Built by Archibald Mitchell and his brother Hugh at the head of Longrow. It’s annual output was 70,000 gallons. [10]


Founded by John McTaggert. [11]


Built by William McKersie. His sons William and James took it over when he died. Its annual output was 85,000 gallons. It closed in 1920 and was demolished in 1927. [12]


Founded by Peter Reid and David Colville. It had an annual output of 112,000 gallons. In 2005 it became a housing area.


Licensed to John Colvill, Beith & Co. in 1827 but built in 1830. It was the smallest distillery in Campbeltown. It included a small spirit store. It’s output was 30,000 gallons.

From 1852, Springside was operated by the Colville family who would distil there for three generations.

After 1926, Springside’s buildings became Co-op storage, garages, stables and later a Scottish Hydro-Electric depot.[13]


Founded by Templeton, Fulton & Co., who continued at least until 1837. The original partners were Robert Templeton, farmer, West Drumore; William Templeton, distiller (Robert’s brother); John McMillan, saddler, Campbeltown, and Mary Mitchell, widow of Robert Fulton, merchant in Campbeltown. The company went bankrupt and was sold in 1847.


Built by Alexander Wylie.


Built by the brothers Charles and Robert Johnston who sold it in 1867 to William McKersie. It was taken over by his sons William Mitchell McKersie and John McKersie.[14][15]


David Anderson, James Armour, and Jessie Miller. The original partners were David Anderson, merchant; James Armour, maltster. It was the first distillery to advertise in a local paper in 1921. It’s annual output was 70,000 gallons.

In 1844 the partnership dissolved and in 1850 the new partners were James Armour again; Hugh Ferguson, baker and John Kerr Orr, a commission agent from Glasgow. [16]


Argyll Distillery Warehouse, built 1890

Founded by John Colville and Robert Greenlees. It was on Longrow Street, on the North Side of town. It had an annual output of 40,000 gallons. It was chiefly sold in Glasgow and England.

The building was sold in 1929 to Craig Brothers who converted it into a garage. [17]

Distilleries Still Producing In Campbeltown


Springbank Still

Established in 1828 by the Mitchell family on the site where Archibald Mitchell had previously operated an illegal still. It was the 14th licensed distillery in Campbeltown.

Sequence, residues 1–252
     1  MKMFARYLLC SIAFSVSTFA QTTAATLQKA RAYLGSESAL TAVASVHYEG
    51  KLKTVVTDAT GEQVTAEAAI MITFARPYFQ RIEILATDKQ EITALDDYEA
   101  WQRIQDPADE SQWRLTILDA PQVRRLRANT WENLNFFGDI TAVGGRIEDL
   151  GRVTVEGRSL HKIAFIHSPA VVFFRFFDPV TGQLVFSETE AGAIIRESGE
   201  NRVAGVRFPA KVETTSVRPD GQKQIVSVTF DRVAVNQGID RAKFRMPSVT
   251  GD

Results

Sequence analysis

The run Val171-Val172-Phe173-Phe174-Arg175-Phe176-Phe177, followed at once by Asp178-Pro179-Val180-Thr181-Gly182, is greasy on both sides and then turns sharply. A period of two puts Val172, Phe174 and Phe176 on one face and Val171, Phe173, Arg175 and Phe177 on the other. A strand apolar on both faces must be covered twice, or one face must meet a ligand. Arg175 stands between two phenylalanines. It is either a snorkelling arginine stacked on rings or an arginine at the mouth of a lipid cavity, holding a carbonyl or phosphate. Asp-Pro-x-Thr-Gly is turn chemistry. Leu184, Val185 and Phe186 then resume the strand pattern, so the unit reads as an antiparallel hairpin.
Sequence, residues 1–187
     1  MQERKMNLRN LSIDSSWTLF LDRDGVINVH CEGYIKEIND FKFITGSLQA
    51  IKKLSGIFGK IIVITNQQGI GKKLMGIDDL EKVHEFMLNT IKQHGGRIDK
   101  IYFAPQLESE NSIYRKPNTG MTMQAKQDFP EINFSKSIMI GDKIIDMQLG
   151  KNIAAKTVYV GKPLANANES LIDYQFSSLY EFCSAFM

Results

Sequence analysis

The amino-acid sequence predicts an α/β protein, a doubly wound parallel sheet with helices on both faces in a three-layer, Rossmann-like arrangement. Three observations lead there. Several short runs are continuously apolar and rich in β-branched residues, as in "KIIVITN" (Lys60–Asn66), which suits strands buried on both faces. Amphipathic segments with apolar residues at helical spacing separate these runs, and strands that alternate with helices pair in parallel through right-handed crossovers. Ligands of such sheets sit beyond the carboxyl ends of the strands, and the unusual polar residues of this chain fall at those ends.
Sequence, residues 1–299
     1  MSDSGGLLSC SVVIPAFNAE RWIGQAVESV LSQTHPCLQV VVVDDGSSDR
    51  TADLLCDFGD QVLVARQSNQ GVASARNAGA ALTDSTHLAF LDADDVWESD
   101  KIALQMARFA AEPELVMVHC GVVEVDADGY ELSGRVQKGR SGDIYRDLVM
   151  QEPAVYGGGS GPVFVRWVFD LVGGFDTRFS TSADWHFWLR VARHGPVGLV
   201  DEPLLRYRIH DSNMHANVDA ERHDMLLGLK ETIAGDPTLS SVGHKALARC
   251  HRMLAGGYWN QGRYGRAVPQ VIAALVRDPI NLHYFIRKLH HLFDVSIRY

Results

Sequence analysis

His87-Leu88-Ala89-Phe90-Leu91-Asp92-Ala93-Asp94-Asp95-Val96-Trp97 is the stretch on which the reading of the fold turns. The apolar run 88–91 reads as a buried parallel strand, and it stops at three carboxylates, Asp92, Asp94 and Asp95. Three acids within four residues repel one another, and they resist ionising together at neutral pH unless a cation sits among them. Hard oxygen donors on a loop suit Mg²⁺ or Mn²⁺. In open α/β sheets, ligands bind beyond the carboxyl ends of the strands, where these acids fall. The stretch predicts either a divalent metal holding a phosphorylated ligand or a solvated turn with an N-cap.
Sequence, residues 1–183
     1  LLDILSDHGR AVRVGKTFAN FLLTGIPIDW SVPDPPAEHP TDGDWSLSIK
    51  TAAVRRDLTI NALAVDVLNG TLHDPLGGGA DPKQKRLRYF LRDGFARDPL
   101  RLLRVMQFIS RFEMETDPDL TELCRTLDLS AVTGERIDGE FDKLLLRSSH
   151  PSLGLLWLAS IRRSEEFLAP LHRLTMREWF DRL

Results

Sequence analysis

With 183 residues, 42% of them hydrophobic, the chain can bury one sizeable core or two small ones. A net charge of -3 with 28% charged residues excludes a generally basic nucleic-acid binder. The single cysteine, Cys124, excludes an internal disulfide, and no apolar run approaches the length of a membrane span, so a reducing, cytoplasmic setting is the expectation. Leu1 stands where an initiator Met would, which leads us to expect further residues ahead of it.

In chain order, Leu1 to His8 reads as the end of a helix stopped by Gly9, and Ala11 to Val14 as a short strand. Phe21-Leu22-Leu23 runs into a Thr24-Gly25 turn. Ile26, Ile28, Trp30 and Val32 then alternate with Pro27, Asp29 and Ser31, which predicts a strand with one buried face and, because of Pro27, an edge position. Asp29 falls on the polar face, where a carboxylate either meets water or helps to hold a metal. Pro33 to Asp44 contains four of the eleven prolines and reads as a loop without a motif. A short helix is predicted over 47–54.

In 1837 his sons John and William took over.

In 1872 the brothers who were also farmers got into a dispute over sheep and William left the businesses to found Glenglye. [18]

In 1897 John’s son, Alexander joined the company.

Glen Scotia


Glen Scotia Distiller

Founded by in 1832 by John Galbraith and James Stewart (Stewart, Galbraith & Co.) , it was first known simply as “Scotia”. Duncan MacCallum purchased it in 1891. After his death in 1932, it was acquired by the Bloch Brothers. Now owned by Lomond Distillery Co. Ltd.[19]



Glengyle Distillery

Founded by William Mitchell after he left Springbrook. It closed in 1925. The buildings were purchased by J&A. Mitchell in 2000 and in 2004 it began distilling again.



  1. Springbank Our Story
  2. Caledonian
  3. Kinloch
  5. Distilleries of Campbeltown
  6. Burnside Distillery
  7. Lost Distilleries
  8. Hazelburn Distillery
  9. Hazelburn Distllery Wikipedia
  10. Lost Distilleries of Campbeltown
  11. Inion
  12. Distilleries of Campbeltown
  13. Springside
  14. Harpers Directory and Manual Harper Trade Journals., 1920. pg. 327
  15. Lost Distilleries
  16. Lost Distilleries of Campbeltown
  17. Argyll
  18. Frank McHardy, Frank McHardy taking us through the whisky history of Campbeltown and Mitchell's Glengyle Distillery
  19. Glen Scotia

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Well done, Joelle! Lots of interesting information here.
posted by Amy (Crawford) Gilpin